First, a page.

Its now a year past the anniversary and town is starting to buzz with growth. There are still empty lots where businesses were. A grade school is still using an old warehouse for classrooms. But this is a town that isn't going to give up. They have vowed to rebuild and they will.

My heart goes out to Oklahoma in a way that it probably wouldn't have two years ago. I would have sat on my couch and said wow that sucks and said a little prayer for them, but I could change the channels and let it be out of sight out of mind.

But today I watch the tragedy unfold and I know what they are feeling. I know the emotions that are so varied and so strong you feel you must be going insane, because how can you be happy, sad, scared, excited, worried and guilty all at once? Emotions border on hysteria.  I look at the buildings that are torn apart and I feel the anguish, the worry, the sadness so strong that sad doesn't adequately describe it. I also feel the hope that they feel. Hope that they can rebuild, hope that they will see loved ones that are missing. Hope that this is the last tornado that they will have to face.I still say Wow that sucks and I still say a prayer but I can't forget about Oklahoma. I turn the tv off and my heart is still hurting for everyone in Oklahoma including one of my best friends from high school. She lives in Oklahoma  City, but got word to us quickly that she is fine but so many of her friends are not. I had nightmares last night, relieving our experiences. I feel I need to do something to help them in their time of hardship to honor those that helped us start our path of recovery and rebuilding.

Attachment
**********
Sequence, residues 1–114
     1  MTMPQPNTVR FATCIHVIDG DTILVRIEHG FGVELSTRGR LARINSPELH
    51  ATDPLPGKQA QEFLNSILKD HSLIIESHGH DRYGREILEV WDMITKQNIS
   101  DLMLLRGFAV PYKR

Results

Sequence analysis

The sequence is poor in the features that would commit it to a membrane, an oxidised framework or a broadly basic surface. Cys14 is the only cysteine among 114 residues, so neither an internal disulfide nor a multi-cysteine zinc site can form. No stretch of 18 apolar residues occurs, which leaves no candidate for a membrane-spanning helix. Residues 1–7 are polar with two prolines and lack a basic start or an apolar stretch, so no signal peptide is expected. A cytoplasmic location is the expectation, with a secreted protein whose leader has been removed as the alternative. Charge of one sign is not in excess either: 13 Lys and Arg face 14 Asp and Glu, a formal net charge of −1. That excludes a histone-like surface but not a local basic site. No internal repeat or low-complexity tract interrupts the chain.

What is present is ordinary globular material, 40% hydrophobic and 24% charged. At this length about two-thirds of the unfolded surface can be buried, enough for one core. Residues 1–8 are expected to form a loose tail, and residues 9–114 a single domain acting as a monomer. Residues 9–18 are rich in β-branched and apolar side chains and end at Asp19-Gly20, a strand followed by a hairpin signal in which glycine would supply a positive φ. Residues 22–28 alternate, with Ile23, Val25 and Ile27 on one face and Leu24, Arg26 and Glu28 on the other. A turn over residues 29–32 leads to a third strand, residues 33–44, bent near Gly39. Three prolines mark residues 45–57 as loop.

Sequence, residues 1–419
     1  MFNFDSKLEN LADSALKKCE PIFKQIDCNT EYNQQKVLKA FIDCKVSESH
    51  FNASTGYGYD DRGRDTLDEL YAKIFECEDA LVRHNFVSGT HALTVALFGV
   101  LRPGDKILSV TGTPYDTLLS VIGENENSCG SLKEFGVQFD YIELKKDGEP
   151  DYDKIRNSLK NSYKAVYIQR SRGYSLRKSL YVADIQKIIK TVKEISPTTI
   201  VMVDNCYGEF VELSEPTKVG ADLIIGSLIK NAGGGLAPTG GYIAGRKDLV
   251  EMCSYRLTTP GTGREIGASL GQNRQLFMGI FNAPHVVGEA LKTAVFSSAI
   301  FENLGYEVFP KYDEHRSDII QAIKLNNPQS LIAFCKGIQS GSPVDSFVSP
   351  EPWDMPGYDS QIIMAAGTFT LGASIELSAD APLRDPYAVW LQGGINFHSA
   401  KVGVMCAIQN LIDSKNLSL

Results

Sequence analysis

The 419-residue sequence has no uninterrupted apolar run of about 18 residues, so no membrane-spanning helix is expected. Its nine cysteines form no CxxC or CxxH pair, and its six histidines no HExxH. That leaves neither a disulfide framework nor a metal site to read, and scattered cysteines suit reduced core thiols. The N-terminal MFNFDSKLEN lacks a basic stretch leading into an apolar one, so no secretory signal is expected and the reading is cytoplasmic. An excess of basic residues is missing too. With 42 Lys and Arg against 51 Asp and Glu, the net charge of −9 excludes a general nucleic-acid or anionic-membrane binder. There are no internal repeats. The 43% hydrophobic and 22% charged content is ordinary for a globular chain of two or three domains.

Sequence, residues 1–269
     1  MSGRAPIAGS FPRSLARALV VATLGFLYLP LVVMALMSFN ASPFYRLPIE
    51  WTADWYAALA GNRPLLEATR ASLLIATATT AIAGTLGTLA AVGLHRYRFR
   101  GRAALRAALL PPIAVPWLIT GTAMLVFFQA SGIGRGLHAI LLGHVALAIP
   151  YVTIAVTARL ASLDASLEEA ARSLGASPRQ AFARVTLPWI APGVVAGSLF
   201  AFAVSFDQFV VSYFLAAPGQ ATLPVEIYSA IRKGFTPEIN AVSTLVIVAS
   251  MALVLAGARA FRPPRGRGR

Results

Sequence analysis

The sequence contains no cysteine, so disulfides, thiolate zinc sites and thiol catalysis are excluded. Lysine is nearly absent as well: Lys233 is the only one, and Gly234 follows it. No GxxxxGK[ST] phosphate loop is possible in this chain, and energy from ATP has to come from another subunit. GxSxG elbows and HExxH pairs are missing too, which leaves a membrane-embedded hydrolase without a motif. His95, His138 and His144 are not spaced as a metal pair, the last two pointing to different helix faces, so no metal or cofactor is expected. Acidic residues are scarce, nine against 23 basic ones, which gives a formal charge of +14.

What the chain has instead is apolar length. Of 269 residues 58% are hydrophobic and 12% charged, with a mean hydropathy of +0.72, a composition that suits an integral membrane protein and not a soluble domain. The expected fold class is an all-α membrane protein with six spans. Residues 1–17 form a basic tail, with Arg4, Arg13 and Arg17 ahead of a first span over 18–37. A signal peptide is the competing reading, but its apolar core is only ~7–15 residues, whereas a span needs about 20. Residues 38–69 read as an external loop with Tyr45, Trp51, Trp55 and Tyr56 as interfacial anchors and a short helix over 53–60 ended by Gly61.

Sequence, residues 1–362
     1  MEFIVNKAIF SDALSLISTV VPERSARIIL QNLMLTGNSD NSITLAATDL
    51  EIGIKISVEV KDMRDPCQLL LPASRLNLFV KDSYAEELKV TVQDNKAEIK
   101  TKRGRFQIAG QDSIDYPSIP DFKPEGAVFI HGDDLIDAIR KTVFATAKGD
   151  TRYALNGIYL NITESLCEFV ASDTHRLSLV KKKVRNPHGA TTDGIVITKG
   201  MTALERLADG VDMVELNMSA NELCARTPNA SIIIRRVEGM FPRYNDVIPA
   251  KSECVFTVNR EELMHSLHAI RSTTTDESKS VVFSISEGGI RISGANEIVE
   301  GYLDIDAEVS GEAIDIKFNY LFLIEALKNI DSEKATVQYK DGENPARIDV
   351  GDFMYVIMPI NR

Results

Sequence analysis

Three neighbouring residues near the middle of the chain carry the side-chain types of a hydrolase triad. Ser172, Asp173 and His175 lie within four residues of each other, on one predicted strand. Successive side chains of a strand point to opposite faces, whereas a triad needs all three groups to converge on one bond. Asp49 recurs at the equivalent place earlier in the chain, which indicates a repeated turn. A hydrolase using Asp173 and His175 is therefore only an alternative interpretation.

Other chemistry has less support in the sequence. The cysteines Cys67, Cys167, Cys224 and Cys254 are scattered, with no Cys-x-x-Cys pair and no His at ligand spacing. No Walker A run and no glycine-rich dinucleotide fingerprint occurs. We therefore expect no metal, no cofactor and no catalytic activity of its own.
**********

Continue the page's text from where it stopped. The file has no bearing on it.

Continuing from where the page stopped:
Please pray for those suffering and if you can spare a few dollars please donate it.

****Update here are two ways to help*******

The Calipari Foundation will be donating $10,000 to the American Red Cross for the victims and families affected by this horrendous tornado in Oklahoma. I'm sure the Big Blue Nation (UK Basketball fans for anyone who didn't know) will continue to step up and help too like they always do. Text “REDCROSS” to 90999 for a $10 donation to help the tornado victims in Oklahoma.
BGCO Disaster Relief www.okdisasterhelp.com My friend posted both of these on her facebook as ways to help.


  1. Oof. I remember first seeing the damage driving through there, a couple weeks after that hit. Most of the worst of the wreckage had already been cleared away, leaving just vast empty spaces and open foundations where buildings had stood. I remember having the strange feeling that the town had *evaporated*, the way packed ice on the ground sublimates during a winter thaw.

    My mental picture of "tornado" goes back to the one we had at Masterson Station, back in Lexington. Looking around after dawn broke, there was another small townhouse-row that I drove past every day. It was maybe a block away from the apartment. And it had the roof of the adjacent building sticking straight up out of it, like a large chip left standing in a rather small bowl of dip.

    It's surreal. Chaos, in the original sense of the word: the breakdown of all order and reason. The mind simply refuses to fully register what the eyes are seeing.

    1. Now that you mention it I was living in Lexington when that one went through too. It went right over our apartment and be oblivious to everything and Em sleeping in a swing by the pastio door. I felt like such a shitty mom. Its weird that twice I've had one above my head and never had any damage.

  2. Oh, goodness. I'm so glad you guys were OK. But I totally understand the survivors' guilt. Our brains work in funny ways.

    My brain? Really distancing itself from the destruction in OKC right now. I just can't process it. This makes me feel guilty. Again ... brains = funny.